Most or all of those tried were found guilty. 15 were sentenced to death and a further 13 received life sentences.[1] 25 received prison sentences of between ten and twenty-five years[1] and four others were sentenced to five years of forced labor.[8] Six of the death sentences were carried out. The condemned were guillotined in Dresden on 20 February 1951.

ReferencesEdit

  1. ^ a b c d e f g h Herbert Mayer (1998). "Mahnung an die Köpenicker Blutwoche". Lexikon von A-Z zur Berlingeschichte und Gegenwart. Luisenstädtischer Bildungsverein e.V., Berlin. pp. 86–88.
  2. ^ a b "Memorial Köpenicker Blutwoche". Gedenkstätte Köpenicker Blutwoche, Berlin. Retrieved 20 September 2015.
  3. ^ a b c d e Köpenicker Blutwoche Juni 1933
  4. ^ "Stolpersteine in Berlin | Orte & Biografien der Stolpersteine in Berlin".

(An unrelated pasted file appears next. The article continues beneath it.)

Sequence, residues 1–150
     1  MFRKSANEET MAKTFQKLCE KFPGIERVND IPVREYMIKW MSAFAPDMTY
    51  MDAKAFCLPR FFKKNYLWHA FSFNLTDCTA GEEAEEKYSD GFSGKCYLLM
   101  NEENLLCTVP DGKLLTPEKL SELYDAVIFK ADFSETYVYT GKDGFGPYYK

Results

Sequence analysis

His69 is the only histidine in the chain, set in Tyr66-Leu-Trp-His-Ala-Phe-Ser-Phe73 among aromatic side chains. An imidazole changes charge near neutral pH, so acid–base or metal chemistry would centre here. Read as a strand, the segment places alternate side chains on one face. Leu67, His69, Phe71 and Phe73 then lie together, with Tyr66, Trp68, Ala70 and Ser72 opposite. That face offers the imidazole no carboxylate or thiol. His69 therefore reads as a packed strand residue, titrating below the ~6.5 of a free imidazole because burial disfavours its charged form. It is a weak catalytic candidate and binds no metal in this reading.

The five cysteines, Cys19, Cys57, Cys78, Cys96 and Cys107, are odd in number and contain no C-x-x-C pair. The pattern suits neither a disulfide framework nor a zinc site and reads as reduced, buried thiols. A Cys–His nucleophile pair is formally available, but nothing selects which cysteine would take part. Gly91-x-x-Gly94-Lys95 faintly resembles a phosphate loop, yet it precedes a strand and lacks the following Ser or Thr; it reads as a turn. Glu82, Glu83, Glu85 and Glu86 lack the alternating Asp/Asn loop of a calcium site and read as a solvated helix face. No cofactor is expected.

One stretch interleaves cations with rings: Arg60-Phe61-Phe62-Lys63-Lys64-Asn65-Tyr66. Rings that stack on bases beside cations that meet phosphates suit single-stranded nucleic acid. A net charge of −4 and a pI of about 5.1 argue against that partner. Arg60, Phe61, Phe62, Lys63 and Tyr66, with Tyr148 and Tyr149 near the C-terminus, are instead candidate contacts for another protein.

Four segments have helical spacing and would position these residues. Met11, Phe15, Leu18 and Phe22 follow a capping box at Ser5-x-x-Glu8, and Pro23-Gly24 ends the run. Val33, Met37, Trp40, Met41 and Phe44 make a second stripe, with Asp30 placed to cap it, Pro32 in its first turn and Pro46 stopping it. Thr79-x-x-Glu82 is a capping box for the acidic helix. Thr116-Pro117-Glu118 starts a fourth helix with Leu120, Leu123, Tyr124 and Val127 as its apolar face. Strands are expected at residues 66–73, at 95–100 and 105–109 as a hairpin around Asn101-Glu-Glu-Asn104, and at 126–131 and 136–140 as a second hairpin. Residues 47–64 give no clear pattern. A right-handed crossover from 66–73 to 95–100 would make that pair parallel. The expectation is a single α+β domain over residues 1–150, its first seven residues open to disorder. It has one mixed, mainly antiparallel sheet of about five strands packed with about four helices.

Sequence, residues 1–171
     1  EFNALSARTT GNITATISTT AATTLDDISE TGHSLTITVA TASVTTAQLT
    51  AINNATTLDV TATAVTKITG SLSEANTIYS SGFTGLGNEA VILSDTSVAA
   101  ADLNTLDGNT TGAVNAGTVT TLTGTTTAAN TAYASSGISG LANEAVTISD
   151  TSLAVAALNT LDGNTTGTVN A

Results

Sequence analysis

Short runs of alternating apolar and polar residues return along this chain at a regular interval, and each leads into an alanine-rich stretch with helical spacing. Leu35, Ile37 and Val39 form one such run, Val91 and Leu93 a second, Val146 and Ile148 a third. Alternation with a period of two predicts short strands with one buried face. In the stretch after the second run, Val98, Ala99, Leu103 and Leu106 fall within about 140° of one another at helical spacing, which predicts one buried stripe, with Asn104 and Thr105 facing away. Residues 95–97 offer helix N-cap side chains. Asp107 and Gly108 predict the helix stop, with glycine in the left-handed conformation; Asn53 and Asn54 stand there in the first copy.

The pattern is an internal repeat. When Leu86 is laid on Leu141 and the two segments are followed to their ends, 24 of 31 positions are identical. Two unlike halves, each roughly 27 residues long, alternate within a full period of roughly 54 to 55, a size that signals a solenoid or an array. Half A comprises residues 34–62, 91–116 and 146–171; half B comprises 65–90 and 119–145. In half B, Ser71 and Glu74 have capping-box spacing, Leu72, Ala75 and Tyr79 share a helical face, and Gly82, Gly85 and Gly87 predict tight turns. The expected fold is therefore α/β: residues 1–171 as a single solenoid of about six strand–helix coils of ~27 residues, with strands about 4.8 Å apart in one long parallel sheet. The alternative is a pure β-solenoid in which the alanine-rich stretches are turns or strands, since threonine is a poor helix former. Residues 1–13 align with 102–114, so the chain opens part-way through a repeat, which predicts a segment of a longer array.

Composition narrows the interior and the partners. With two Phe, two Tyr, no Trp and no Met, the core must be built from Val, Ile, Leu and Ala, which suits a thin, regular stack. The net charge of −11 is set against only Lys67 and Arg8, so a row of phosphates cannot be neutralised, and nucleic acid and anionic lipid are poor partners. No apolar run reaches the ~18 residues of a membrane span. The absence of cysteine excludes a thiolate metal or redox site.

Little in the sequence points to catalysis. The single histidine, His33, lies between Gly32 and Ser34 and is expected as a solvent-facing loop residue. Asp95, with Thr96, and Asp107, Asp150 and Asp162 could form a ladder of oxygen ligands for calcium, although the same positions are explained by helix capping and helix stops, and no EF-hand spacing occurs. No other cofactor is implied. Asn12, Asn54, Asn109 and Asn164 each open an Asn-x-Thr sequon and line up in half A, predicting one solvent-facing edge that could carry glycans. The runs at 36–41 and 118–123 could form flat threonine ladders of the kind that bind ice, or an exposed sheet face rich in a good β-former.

5. ^ "80 Jahre nach der Köpenicker Blutwoche – alle Kraft gegen Rechts!". Bund der Antifaschisten Köpenick. 28 May 2013. Retrieved 21 September 2015.
  6. ^ Sources differ over some of the precise numbers, however.
  7. ^ "Juristische Aufarbeitung". Gedenkstätte Köpenicker Blutwoche, Berlin. Retrieved 21 September 2015.
  8. ^ A typed version of the 328-page judgment was published in East Berlin under the title "Landgericht Berlin. Urteil der 4. Großen Strafkammer in der Strafsache Plönzke u. a. (Köpenicker Blutwoche 1933)". (Berlin District Court. Judgment of the 4th Criminal Chamber in the Criminal trial of Plönzke and others (Köpenicker Blutwoche 1933))